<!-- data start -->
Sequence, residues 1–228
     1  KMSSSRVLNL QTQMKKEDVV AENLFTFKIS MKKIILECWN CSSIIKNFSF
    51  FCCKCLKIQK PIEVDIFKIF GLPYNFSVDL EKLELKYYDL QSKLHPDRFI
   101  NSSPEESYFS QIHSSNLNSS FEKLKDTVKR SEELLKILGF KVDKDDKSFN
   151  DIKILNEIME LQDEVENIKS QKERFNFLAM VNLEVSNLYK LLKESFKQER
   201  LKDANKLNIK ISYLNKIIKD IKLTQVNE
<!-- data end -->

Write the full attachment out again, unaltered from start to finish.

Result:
Sequence, residues 1–228
     1  KMSSSRVLNL QTQMKKEDVV AENLFTFKIS MKKIILECWN CSSIIKNFSF
    51  FCCKCLKIQK PIEVDIFKIF GLPYNFSVDL EKLELKYYDL QSKLHPDRFI
   101  NSSPEESYFS QIHSSNLNSS FEKLKDTVKR SEELLKILGF KVDKDDKSFN
   151  DIKILNEIME LQDEVENIKS QKERFNFLAM VNLEVSNLYK LLKESFKQER
   201  LKDANKLNIK ISYLNKIIKD IKLTQVNE